“In fact, the variant may hit emerging markets harder than other assets, particularly high beta currencies in Latin America and South Asia that are more sensitive to risk sentiment and more exposed to energy and tourism. , the sectors that are most affected by the pandemic, “she said.
‘Punished by the markets’
Political meddling has not helped. Turkish President Recep Tayyip Erdogan’s campaign for lower rates caused the lira to drop freely last week. The Mexican peso plummeted when President Andrés Manuel López Obrador’s appointment of a little-known Finance Ministry official to head Banxico fueled concern over possible government interference in the central bank’s independence.
“Any sign of government interference in monetary policy will be punished by the markets immediately, as long as the global currency headwinds tighten,” said Witold Bahrke, senior macrostraga at Copenhagen-based Nordea Investment. “Although the main reason we are underweight in emerging market currencies is the tightening of global monetary conditions, this is reinforcing the bearish market case.”
The correlation of emerging market currencies to short-term Treasuries is near the strongest level since 2014, underscoring the potential consequences of higher US interest rates. Investors are hedging against the risk of broader price swings as the dollar rose to its highest level since July 2020. JPMorgan Chase & Co.’s Implied Volatility Indicator in Developing Currencies rose last week above 10% by first time since April.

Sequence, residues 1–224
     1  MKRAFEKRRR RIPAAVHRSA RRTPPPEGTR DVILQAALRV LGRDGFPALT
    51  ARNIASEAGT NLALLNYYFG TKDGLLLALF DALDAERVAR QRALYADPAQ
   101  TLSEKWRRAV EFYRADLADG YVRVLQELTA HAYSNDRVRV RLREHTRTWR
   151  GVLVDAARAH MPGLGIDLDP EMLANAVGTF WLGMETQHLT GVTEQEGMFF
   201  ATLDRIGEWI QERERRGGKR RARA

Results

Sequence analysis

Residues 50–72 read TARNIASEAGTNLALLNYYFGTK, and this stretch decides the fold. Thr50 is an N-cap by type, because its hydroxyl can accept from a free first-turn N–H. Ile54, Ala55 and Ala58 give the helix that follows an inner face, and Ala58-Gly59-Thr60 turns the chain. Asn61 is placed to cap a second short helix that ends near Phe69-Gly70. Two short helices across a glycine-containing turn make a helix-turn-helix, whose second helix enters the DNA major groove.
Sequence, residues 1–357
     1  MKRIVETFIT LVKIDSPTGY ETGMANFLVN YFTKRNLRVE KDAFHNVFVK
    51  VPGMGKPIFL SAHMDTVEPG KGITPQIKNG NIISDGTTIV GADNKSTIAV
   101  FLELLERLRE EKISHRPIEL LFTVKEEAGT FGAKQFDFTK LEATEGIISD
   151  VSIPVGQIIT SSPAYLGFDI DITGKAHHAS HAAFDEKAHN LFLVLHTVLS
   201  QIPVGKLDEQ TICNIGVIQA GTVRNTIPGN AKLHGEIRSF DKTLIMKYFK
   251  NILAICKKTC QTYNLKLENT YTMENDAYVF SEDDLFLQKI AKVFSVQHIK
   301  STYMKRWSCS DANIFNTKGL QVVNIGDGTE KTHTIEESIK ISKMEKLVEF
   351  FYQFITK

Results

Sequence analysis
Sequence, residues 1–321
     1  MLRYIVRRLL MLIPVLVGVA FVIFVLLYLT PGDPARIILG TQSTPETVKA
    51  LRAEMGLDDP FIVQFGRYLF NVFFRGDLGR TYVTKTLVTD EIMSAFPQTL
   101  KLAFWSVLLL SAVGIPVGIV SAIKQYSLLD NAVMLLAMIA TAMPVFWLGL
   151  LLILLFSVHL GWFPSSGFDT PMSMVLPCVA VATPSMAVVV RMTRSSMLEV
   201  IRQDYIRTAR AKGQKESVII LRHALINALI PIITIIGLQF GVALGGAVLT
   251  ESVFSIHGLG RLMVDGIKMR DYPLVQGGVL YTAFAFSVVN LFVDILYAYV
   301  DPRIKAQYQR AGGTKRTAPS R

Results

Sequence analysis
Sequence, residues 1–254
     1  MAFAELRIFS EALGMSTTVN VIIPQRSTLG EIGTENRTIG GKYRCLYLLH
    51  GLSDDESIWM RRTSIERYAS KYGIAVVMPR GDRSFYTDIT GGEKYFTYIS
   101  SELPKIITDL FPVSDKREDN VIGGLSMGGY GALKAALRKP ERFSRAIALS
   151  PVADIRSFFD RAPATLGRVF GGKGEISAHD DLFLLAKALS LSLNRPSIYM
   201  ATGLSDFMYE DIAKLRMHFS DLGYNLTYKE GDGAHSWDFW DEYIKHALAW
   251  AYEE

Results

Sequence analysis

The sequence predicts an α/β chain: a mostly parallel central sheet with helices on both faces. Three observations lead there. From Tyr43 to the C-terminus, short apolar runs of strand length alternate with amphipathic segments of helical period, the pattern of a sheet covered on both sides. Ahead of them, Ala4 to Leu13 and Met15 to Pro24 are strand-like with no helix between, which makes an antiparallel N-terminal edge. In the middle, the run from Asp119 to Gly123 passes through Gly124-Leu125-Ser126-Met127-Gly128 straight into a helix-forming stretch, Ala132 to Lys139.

Real rates, which eliminate inflation, in most developing economies remain below zero, even after adjustment. That dampens the attractiveness of emerging market assets as US yields rise and concerns deepen over the durability of the recovery in developing economies. Investors will get more clues about the health of emerging markets in the coming days, with China’s official purchasing manager indices to be released and gross domestic product figures scheduled from Turkey to India and Brazil.